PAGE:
In industry, on the other hand, the high level of concentration is due to the strong participation of three companies, accounting for about half of the volume granted in the sector, which operate in the steel (Pecém Steel Company (CSP)), power plant (MPX), and oil (PETROBRÁS) industries, with water permit volumes representing 24, 13, and 10%, respectively. In urban and industrial supply sectors, as Cullis & van Koppen (2007) argue, one can expect that there will be greater concentration due to the performance of some large users, such as water supply companies and large industries. This can be verified in Ceará, as demonstrated by the calculation of the Gini index, with the participation of large users such as CAGECE and the CSP, MPX, and PETROBRAS industries. In the other uses category, a single user – State Secretariat for Infrastructure (SEINFRA) – holds more than 85% of the volume granted, causing the concentration to be quite high. Removing this atypical user, the Gini would fall to 0.867, leaving three users with almost half of the use permit in this scenario, still resulting in high concentration in the sector.

In irrigation, the high concentration is mitigated by the fact that the three largest users, who hold 30% of the volume granted, comprise irrigated perimeters, i.e, a set of public or private irrigators. In this way, the large volume of permits directed to a perimeter actually serves several agricultural producers. Without data from these three perimeters, Gini would be 0.881, showing a decrease of 4%, since the next six largest users own 23% of the water use permit.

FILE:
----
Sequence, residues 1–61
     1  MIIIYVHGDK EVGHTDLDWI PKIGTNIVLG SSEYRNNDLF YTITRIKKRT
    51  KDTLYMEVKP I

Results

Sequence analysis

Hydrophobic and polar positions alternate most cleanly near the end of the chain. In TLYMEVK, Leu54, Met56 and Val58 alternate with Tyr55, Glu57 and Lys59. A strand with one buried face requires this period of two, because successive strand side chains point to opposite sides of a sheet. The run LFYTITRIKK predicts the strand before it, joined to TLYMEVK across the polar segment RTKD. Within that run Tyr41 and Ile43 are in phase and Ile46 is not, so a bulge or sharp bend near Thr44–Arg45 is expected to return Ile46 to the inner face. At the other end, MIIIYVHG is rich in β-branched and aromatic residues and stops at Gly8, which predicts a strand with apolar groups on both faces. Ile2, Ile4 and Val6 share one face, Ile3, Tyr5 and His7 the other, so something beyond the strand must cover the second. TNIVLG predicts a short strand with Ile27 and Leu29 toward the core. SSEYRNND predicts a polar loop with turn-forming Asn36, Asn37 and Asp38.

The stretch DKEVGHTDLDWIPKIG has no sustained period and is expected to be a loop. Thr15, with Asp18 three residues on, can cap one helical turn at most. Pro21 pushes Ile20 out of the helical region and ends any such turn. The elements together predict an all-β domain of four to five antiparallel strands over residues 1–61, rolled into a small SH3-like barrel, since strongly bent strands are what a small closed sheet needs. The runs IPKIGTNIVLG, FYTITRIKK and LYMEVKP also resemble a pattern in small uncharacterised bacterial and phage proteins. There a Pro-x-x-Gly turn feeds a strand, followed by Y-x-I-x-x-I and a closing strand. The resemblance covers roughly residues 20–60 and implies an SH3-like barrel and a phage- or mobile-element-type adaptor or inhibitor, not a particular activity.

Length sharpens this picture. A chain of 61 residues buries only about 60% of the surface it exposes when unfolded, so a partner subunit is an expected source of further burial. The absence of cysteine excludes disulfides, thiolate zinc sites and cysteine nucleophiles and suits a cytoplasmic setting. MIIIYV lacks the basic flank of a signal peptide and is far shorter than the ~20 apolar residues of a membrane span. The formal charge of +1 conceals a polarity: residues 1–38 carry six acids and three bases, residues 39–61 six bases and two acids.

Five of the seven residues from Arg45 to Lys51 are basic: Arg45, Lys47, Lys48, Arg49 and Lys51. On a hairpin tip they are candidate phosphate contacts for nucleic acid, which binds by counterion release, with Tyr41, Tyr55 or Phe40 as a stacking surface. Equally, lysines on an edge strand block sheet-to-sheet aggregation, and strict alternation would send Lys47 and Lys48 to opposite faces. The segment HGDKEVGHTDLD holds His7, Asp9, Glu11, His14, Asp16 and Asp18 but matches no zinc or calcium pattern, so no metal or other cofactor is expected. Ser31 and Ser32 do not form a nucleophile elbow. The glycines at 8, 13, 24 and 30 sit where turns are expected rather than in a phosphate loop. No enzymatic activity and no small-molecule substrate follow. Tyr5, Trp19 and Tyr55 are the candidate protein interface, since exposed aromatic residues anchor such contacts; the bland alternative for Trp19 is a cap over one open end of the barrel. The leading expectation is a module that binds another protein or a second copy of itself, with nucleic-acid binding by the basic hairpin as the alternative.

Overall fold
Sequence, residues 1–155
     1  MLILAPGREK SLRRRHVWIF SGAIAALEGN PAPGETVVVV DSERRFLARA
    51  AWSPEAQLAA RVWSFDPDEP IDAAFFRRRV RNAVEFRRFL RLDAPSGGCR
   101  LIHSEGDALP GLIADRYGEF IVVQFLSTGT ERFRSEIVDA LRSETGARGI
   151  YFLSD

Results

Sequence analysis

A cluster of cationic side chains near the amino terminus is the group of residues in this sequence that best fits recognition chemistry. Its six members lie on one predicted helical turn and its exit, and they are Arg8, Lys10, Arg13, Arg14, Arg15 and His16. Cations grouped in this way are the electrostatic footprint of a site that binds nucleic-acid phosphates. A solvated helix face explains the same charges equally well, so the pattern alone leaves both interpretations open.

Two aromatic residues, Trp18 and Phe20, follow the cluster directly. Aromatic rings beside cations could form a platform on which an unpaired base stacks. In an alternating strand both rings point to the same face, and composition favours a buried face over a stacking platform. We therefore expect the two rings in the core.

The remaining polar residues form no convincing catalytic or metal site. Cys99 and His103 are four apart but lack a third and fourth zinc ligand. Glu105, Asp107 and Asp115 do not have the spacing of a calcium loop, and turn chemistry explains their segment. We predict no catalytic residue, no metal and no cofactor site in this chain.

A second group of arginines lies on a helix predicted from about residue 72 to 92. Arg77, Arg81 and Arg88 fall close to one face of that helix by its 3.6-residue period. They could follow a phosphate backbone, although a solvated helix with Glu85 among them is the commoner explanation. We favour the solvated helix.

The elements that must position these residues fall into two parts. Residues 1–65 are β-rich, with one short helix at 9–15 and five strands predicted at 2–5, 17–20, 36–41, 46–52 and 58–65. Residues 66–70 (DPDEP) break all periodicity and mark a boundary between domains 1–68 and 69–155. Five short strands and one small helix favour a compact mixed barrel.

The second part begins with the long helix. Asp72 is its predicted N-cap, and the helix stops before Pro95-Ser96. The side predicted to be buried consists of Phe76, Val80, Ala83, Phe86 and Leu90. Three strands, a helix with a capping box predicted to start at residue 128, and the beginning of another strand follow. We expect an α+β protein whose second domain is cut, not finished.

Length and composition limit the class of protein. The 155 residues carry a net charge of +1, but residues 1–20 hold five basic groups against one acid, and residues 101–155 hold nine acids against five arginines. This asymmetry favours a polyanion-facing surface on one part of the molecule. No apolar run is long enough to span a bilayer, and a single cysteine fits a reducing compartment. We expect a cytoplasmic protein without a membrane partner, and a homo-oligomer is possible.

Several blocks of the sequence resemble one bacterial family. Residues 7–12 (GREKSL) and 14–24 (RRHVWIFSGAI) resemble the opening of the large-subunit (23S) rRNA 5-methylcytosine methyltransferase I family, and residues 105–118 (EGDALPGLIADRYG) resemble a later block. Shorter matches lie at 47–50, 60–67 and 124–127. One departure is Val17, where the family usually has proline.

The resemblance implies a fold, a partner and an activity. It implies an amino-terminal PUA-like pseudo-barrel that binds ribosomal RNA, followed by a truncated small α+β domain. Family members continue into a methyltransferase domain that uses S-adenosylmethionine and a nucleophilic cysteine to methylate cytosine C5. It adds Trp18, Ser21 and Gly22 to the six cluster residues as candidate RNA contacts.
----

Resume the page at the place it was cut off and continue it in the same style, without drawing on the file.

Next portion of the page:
In a study on water use concentration in South Africa, Cullis & van Koppen (2007) calculated Gini indices at 0.96 (non-urban industry), 0.89 (urban industry), 0.88 (water supply), 0.81 (irrigation), and 0.79 (aquaculture). Liu et al. (2019), in a region of China, calculated coefficients equivalent to 0.10 (related to domestic use and population) and 0.27 (related to industrial use and production). Cole et al. (2018), also in South Africa, calculated values equal to 0.36 (access to piped water at home) and 0.27 (per capita water use in the city), while Kazemi et al. (2020), in Iran, calculated Gini values equal to 0.10 and 0.40, in a water allocation scenario considering existing and under construction water infrastructure and in a scenario with incorporation of future infrastructure, respectively.